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Mood-Congruency versus Mood-Incongruency in Aesthetic Preferences: The Role of Interpersonal Relationships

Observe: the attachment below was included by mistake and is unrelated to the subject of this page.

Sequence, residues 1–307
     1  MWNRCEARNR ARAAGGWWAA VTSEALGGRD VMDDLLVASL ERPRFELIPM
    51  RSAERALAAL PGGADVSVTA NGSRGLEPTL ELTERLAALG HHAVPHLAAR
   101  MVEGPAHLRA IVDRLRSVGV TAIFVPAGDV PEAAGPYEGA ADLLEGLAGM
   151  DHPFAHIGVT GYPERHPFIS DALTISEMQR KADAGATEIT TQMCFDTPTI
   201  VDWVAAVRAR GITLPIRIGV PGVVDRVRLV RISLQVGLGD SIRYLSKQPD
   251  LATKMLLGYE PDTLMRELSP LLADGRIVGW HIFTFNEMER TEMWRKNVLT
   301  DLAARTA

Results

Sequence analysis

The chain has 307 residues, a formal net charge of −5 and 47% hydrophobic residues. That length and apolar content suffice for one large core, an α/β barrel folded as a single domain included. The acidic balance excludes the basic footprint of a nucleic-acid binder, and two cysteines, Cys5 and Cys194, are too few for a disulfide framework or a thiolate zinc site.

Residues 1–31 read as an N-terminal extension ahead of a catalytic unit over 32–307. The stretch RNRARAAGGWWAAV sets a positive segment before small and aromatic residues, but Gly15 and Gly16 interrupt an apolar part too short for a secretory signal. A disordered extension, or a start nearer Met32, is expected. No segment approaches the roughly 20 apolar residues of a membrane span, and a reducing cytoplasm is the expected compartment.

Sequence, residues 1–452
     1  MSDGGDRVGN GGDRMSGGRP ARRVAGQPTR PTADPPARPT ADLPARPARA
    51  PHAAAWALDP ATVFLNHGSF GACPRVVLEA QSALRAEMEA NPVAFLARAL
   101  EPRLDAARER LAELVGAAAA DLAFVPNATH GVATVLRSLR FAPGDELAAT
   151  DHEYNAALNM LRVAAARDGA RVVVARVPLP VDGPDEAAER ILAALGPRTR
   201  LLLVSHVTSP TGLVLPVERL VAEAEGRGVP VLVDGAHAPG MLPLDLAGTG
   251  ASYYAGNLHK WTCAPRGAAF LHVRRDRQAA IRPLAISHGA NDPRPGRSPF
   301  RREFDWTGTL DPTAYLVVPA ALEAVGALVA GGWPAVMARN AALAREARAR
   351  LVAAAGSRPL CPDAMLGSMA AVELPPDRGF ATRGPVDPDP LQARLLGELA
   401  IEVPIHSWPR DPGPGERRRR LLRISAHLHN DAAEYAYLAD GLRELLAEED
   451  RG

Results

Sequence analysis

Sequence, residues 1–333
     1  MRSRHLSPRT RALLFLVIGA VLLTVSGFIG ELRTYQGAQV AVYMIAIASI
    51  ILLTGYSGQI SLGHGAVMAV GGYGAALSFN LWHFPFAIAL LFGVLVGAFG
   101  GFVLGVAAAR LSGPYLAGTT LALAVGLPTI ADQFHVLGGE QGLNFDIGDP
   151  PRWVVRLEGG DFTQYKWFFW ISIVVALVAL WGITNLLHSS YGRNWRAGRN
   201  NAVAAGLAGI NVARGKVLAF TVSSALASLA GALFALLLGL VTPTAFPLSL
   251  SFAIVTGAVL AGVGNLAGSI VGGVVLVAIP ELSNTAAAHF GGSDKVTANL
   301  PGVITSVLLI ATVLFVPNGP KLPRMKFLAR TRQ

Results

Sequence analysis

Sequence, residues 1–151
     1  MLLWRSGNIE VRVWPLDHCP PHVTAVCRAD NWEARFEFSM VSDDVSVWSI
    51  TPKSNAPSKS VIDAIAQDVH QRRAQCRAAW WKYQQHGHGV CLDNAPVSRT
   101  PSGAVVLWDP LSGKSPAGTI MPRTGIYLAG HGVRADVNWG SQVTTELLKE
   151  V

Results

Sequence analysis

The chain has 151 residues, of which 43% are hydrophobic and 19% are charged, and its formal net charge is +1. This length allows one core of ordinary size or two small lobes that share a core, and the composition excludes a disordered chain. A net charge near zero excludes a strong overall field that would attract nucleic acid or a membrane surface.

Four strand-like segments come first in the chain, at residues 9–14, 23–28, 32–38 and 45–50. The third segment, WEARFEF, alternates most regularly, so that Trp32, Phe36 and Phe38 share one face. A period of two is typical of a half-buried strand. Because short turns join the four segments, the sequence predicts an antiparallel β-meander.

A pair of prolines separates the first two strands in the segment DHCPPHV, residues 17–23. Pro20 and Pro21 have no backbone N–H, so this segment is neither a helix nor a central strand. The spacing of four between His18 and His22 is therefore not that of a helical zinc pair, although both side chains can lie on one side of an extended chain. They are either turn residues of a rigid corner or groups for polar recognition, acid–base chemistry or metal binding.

Whereas negative feelings sometimes increase preference for mood-incongruent aesthetic experiences (e.g., cheerful music, comedy), they also sometimes increase preference for mood-congruent ones (e.g., sorrowful music, drama). In this paper, we address the causes of this apparent discrepancy. We hypothesize that (1) mood-congruent aesthetic experiences offer a sense of bonding and emotional sharing, akin to interacting with an empathetic friend and thus (2) they are preferred when individuals are deprived of a sense of bonding from dissolving interpersonal relationships. Consistent with our hypotheses, three experiments show that negative feelings from broken interpersonal bonds increase preferences for mood-congruent aesthetic experiences, whereas negative feelings from non-interpersonal problems increase mood-incongruent preferences. Our results also help account for the inconsistencies in the literature.

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